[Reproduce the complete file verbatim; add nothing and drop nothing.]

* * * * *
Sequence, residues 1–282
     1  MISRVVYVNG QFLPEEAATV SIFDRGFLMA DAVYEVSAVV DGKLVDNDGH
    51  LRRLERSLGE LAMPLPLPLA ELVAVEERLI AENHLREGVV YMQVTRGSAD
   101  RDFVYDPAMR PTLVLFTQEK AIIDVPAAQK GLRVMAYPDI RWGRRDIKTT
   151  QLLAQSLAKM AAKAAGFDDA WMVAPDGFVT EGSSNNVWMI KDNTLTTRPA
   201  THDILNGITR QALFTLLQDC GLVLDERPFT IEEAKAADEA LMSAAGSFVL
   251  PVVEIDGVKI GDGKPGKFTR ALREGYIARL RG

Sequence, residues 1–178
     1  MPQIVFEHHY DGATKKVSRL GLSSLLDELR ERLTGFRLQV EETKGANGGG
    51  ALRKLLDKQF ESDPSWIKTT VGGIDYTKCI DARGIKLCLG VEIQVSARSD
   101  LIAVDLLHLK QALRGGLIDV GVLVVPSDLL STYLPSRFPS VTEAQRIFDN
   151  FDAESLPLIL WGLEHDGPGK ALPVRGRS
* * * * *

Sequence, residues 1–282
     1  MISRVVYVNG QFLPEEAATV SIFDRGFLMA DAVYEVSAVV DGKLVDNDGH
    51  LRRLERSLGE LAMPLPLPLA ELVAVEERLI AENHLREGVV YMQVTRGSAD
   101  RDFVYDPAMR PTLVLFTQEK AIIDVPAAQK GLRVMAYPDI RWGRRDIKTT
   151  QLLAQSLAKM AAKAAGFDDA WMVAPDGFVT EGSSNNVWMI KDNTLTTRPA
   201  THDILNGITR QALFTLLQDC GLVLDERPFT IEEAKAADEA LMSAAGSFVL
   251  PVVEIDGVKI GDGKPGKFTR ALREGYIARL RG

Sequence, residues 1–178
     1  MPQIVFEHHY DGATKKVSRL GLSSLLDELR ERLTGFRLQV EETKGANGGG
    51  ALRKLLDKQF ESDPSWIKTT VGGIDYTKCI DARGIKLCLG VEIQVSARSD
   101  LIAVDLLHLK QALRGGLIDV GVLVVPSDLL STYLPSRFPS VTEAQRIFDN
   151  FDAESLPLIL WGLEHDGPGK ALPVRGRS